Please note: the degree for this program is conferred by GSAS, but program specifics, such as admissions, degree requirements, financial aid, etc., are administered by other schools of the University. This program is located on the Health Sciences campus in the College of Physicians and Surgeons.
Pharmacology is a unique basic science in that it bridges the most fundamental research questions with the goal of providing new and improved therapeutic interventions to manage disease processes. Hence, as a discipline, areas of research encompassed by Pharmacology are broad and diverse. At Columbia, the pharmacology program occupies a unique position in that strong research programs exist in neurobiology behavior, cancer and cardiovascular research, and in each area strong collaborative and synergistic interactions exist with the faculty's clinical colleagues. The opportunities for biomedical research in pharmacology at Columbia are virtually boundless.
An interdisciplinary training program in pharmacology and molecular signaling leads to the Ph.D. degree. The program has been designed to provide maximum flexibility so that students can gain a strong foundation in chemistry, biochemistry, and cellular and molecular biology and apply this background in a wide variety of laboratory experiences. The program requires a core of courses that integrate well with requirements of other departments at the Health Sciences so that interactions with students and faculty in other departments are facilitated. Additional work in laboratory rotations, journal club, departmental seminars and reading assignments with members of the faculty is designed to provide students with a strong background and also to help with the process of selecting a thesis topic. After successful completion of the qualifying examination, students work with faculty sponsors and thesis committees to design and conduct dissertation research and write and defend a dissertation. The goal of the program is to prepare the students for careers as independent scientists and teachers with broad backgrounds in modern molecular and systems pharmacology.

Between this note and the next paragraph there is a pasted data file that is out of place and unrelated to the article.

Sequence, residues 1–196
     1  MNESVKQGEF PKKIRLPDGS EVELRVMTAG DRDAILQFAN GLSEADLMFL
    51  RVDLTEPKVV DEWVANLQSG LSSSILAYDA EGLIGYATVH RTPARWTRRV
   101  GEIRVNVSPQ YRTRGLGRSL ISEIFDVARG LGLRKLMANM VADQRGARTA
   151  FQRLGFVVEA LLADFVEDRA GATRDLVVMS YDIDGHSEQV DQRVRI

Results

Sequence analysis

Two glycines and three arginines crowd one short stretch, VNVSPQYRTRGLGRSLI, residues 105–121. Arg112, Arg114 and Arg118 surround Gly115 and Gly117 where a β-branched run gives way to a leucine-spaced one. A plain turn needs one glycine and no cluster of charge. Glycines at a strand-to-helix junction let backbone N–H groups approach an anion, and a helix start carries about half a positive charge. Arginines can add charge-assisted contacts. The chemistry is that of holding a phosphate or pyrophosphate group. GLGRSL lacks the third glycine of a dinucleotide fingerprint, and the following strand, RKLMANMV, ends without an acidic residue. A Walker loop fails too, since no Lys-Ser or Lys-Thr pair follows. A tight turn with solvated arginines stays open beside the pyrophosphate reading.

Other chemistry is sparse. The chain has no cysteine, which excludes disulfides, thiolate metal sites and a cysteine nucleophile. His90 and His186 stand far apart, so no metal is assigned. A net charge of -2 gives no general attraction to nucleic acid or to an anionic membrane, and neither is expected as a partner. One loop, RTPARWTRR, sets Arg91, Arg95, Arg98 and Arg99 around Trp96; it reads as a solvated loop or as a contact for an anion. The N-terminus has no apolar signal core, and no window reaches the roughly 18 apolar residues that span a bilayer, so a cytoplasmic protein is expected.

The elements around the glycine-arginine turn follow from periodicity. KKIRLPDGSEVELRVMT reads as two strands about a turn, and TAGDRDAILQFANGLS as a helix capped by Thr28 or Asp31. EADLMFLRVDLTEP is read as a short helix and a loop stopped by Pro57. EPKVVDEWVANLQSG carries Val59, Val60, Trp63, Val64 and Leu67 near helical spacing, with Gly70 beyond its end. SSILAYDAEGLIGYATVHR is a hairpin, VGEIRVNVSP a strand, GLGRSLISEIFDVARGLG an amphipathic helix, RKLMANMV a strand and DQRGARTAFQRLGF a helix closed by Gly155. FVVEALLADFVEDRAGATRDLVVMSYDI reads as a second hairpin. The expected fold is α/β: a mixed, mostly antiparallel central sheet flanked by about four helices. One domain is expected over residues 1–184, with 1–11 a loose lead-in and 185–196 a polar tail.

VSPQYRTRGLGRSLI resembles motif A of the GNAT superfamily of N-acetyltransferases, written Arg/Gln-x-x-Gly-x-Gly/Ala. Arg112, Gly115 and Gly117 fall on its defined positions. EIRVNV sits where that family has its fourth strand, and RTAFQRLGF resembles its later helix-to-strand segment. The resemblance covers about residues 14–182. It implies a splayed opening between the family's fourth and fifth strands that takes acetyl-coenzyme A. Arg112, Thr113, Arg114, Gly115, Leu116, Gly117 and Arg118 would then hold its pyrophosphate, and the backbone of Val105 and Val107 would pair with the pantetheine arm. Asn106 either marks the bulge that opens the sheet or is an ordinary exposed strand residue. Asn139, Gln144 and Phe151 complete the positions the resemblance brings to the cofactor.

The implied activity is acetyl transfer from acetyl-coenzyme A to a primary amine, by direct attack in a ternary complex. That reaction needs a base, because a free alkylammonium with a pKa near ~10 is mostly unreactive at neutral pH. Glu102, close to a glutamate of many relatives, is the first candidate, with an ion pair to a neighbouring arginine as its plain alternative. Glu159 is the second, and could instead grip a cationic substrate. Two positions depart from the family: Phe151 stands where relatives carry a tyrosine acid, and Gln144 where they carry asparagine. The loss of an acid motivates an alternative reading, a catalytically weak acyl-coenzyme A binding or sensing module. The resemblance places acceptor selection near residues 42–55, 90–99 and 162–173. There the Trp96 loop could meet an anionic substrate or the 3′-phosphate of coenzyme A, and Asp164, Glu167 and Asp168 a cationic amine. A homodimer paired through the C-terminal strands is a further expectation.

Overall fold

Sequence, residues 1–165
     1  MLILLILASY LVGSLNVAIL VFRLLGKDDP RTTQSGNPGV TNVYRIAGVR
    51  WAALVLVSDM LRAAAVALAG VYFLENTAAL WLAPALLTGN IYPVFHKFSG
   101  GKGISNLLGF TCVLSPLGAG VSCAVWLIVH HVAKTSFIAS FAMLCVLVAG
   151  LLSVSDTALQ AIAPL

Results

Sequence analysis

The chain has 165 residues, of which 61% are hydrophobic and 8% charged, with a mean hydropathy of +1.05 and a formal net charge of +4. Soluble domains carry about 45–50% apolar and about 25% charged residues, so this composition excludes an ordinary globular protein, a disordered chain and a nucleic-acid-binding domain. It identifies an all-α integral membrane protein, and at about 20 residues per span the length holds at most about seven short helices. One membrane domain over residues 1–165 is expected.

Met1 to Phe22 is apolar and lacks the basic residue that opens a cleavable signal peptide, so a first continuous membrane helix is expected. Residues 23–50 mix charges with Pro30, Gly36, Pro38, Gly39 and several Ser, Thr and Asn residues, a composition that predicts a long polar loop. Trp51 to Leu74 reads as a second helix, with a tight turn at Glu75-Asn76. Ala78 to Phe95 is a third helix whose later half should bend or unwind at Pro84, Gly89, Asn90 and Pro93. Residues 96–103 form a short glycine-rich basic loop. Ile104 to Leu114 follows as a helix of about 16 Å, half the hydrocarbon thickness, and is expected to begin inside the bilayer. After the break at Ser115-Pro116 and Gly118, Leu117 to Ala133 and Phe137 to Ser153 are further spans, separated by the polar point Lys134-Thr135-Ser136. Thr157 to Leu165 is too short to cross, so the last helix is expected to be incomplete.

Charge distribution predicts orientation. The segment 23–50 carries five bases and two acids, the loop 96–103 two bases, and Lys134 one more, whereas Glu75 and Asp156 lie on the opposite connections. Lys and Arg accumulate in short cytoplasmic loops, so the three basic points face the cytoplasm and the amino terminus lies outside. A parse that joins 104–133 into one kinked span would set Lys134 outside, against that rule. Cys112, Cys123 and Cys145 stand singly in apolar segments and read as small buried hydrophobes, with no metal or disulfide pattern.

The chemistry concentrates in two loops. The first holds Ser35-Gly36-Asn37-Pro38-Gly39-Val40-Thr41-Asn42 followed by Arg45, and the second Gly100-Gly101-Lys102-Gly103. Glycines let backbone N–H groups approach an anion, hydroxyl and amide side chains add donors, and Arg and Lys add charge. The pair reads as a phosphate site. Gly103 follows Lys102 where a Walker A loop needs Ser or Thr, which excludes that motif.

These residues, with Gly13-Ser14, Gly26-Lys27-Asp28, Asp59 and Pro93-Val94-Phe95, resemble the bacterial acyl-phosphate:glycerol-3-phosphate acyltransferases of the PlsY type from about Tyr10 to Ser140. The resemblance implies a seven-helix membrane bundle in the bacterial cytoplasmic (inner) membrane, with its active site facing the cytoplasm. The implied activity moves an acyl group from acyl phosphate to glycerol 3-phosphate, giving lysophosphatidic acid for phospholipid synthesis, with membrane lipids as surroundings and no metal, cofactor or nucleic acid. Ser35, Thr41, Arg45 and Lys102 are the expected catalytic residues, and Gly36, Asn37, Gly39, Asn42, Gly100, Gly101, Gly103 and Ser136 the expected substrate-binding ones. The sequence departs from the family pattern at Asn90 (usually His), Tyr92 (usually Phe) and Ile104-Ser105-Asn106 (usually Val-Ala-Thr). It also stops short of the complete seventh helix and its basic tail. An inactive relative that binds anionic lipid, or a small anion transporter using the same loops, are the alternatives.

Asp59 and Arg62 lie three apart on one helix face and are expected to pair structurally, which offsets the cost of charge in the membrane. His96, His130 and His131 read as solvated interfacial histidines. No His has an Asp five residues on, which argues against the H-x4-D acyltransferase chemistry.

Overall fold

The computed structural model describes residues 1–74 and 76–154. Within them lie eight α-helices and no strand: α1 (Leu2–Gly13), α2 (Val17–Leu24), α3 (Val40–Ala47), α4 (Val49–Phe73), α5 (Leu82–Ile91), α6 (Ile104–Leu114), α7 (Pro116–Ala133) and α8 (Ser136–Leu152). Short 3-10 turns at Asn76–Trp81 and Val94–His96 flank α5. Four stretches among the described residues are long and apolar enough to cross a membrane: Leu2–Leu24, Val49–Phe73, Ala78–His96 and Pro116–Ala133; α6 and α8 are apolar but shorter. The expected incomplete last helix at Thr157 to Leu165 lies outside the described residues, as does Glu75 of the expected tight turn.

The program includes faculty from the Department of Pharmacology and Molecular Signaling as well the Departments of Biochemistry and Molecular Biophysics, Chemistry, Microbiology, Neurology, Neuroscience, Pathology and Cell Biology Physiology and Cellular Biophysics, and Psychiatry. Much research in the program focuses on basic molecular interactions between drug molecules and target proteins in order to provide fundamental information that will lead to the discovery of more selective and effective therapeutic approaches to disease management. Opportunities exist for investigation of gene-directed therapies in the treatment of inherited disorders using biophysical as well as bioinformatics approaches to the problems.
Current research interests of the faculty fall into five broad categories: cancer biology, neuropharmacology, molecular cardiology, structural and chemical pharmacology, and signal transduction. Research opportunities currently include, but are not limited to, the development of chemical probes to investigate protein-protein interactions; prediction of protein structure based on genetic message; investigation of the molecular architecture of signaling molecules; investigation of the genetic basis of behavior and the development of brain disorders in mice; structure/function studies of G-protein coupled receptors; and probing the molecular pharmacology of inherited cardiac arrhythmias. Most of the questions addressed by faculty at the cellular and molecular level are also being addressed at the systems level using appropriate models in which genetic manipulation allows testing the effects of gene-specific strategies on systems function. It is the fundamental philosophy of the program to encourage broad interactions between laboratories, both within and outside of the program, so as to promote new ideas and approaches through synergistic and collaborative research. In this manner, and with the unified approach to graduate education at Columbia, students can design research opportunities in pharmacology in virtually any scientific area of biomedical science.
Students in the program have the option of doing a research rotation in private industry, either at a Johnson & Johnson research site or at Sanofi-Aventis. Students can also apply to participate in a clinical training program in which they interact with clinicians in learning about the translation of resarch findings into therapies. This program is designed to mesh with the thesis research.
Admission is based on the student’s previous academic performance, Graduate Record Examination score (general test), letters of recommendation and interviews with members of the program. Ordinarily, preference is given to students who have a background in biology or chemistry, with a year of mathematics through calculus.
Electronic application here. Additional materials can be sent to Office of Graduate Affairs, Room 205, Hammer Health Sciences Center, 701 West 168th Street., New York, NY 10032; (212) 305-8058; fax: (212) 305-1031.
Applications strongly preferred by December 7.